Sunday - 12/23 - Sundays at Sinai: Three Singing Jewish Men at 2475 W Atlantic Ave, Delray Beach. 3 pm. $5/member; $8/nonmember. 276-6161; templesinaipbc.org Tuesday - 12/25 - Christmas Day Friday - 12/28 - The Wolfepak Band at The Funky Biscuit, 303 SE Mizner Blvd, Boca Raton. 5 pm doors open; 9 pm show. $12-$25. 465-3946; funkybiscuit.com 12/28 - Greenlane Free Friday Concert: Solid Brass: Great Horn bands from the 70s at Old School Square Pavilion, 51 N Swinton Ave. Gourmet food trucks, cash bar. Bring lawn chairs, blankets. No pets or outside food/beverage. Weather permitting. 6:30 pm gates open; 7:30 pm concert starts. Free admission/donations appreciated. 2439722; oldschoolsquare.org 12/28 - Benny Goodman and Friends at Arts Garage, 94 NE 2nd Ave, Delray Beach. 8 pm. $40-$50. 450-6357; artsgarage.org 12/28 - Open Mic Night at Improv U, 105 NW 5th Ave, Delray Beach. Every 4th F 8-9:30 pm. $5. 844-561-4242; theimprovu.com 12/28-30 - Rock Baby Rock with Lance Lipinsky at The Wick Theatre and Costume Museum, 7901 N Federal Hwy, Boca Raton. F/ Sat 8 pm; Sat 2 pm; Sun 4 pm. $75-$85. 9952333; thewick.org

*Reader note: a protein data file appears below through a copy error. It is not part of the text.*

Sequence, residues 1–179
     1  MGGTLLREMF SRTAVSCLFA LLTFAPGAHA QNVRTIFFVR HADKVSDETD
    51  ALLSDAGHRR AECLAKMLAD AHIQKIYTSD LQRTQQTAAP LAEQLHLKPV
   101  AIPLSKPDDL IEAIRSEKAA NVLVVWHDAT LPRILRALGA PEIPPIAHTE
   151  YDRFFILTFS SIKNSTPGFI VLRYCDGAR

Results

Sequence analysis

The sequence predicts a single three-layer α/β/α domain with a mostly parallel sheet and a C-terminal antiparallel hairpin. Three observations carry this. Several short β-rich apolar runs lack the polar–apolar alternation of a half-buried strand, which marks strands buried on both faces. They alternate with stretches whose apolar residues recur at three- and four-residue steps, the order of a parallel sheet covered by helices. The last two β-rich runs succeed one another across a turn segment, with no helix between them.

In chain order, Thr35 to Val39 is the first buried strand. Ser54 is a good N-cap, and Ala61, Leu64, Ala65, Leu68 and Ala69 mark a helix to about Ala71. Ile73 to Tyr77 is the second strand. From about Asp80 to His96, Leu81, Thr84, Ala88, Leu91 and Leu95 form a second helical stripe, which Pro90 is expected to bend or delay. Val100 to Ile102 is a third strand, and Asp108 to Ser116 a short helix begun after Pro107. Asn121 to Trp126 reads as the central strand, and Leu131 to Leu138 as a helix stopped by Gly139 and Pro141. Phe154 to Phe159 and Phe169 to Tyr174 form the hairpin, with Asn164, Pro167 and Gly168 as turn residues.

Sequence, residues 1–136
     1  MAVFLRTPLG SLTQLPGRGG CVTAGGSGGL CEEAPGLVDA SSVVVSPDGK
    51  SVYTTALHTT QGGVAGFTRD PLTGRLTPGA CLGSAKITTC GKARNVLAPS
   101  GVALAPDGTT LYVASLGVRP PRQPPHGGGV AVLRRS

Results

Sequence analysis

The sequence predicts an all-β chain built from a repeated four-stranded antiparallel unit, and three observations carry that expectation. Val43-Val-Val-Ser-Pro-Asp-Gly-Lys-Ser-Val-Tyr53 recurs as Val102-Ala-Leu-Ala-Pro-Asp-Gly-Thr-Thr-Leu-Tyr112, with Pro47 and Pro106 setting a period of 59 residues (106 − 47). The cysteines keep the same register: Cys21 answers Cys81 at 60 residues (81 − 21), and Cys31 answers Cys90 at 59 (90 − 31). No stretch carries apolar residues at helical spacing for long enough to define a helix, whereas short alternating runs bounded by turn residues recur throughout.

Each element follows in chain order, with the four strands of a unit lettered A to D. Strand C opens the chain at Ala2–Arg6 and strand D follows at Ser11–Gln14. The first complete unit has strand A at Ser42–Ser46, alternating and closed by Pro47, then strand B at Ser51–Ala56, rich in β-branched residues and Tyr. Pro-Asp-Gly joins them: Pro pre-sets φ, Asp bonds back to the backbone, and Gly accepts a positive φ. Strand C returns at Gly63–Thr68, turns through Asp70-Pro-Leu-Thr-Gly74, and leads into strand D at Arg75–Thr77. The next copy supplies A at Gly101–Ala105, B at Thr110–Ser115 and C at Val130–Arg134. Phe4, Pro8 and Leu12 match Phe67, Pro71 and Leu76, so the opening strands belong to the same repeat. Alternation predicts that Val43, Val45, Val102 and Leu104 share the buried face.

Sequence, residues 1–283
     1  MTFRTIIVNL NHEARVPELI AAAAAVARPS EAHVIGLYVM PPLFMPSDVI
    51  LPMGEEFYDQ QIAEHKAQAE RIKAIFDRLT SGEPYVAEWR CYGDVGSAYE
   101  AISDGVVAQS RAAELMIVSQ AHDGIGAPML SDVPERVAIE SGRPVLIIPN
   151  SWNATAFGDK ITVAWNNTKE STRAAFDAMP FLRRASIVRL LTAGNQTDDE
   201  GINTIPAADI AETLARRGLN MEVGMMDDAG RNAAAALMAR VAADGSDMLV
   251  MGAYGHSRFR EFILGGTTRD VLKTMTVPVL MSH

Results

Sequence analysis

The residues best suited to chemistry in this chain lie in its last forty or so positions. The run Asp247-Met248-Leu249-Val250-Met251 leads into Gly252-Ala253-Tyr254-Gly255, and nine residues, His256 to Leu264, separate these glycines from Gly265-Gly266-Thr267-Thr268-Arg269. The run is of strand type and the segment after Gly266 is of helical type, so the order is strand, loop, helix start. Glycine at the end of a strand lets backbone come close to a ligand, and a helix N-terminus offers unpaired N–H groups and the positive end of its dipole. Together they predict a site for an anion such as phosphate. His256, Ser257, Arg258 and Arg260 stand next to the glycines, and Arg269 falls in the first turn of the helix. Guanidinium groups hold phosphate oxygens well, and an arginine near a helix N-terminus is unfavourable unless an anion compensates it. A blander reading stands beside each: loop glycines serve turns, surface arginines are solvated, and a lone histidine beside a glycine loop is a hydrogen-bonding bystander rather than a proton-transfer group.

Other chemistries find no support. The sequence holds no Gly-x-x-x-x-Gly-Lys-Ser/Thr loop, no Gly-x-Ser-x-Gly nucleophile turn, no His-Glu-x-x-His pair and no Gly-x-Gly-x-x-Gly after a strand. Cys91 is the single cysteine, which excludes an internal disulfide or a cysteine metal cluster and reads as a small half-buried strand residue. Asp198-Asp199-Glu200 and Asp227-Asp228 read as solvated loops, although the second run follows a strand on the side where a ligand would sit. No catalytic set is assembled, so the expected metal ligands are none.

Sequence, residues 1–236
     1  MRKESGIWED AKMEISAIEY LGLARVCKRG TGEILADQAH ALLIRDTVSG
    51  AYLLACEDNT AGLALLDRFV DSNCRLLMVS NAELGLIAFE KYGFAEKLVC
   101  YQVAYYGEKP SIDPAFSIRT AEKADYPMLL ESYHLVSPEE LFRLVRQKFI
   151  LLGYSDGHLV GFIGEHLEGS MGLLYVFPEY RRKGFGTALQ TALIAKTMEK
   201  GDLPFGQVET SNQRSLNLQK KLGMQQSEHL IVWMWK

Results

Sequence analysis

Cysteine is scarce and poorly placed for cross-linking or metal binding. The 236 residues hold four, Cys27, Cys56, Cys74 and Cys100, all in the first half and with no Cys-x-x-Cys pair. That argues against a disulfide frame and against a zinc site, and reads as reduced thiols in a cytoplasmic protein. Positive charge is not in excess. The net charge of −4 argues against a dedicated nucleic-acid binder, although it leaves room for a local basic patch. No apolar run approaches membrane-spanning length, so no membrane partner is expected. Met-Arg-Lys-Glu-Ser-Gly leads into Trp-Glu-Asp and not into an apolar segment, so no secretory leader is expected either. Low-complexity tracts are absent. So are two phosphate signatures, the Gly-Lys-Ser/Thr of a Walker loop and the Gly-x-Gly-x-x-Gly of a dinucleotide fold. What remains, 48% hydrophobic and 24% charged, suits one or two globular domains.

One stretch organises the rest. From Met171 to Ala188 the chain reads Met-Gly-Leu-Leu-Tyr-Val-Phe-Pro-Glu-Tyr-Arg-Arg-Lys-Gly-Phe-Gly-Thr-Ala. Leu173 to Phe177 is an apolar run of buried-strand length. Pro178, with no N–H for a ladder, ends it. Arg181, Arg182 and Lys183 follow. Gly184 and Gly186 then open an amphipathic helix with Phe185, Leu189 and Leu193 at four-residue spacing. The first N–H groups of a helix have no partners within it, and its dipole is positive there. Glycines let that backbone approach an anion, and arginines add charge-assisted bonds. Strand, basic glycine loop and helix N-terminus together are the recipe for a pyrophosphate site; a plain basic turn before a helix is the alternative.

DEC 29-JAN 5
Saturday - 12/29 - Classic Albums Live: The Beatles Abbey Road at The Pavilion at Old School Square, 51 N Swinton Ave, Delray Beach. Classic albums recreated live, on stage, note for note, cut for cut. 8-10 pm. $20-$75. 243-7922; oldschoolsquare.org 12/29 - Haka & The Cuban Hipsters in Concert at Arts Garage, 94 NE 2nd Ave, Delray Beach. 8-10 pm. $30-$40. 450-6357; artsgarage.org 12/29-30 - Simply Streisand with Carla DelVillaggio at Delray Beach Playhouse, 950 NW 9th St. Part of Michael Ingersoll’s Artists Lounge Live series. Sat/Sun 2 pm; Sat 8 pm. $35. 272-1281; delraybeachplayhouse.com 12/29-31 - Brothers & Sisters Annual Holiday Jam Celebrating The Music of the Allman Brothers & The Lives of Gregg Allman & Butch Trucks at The Funky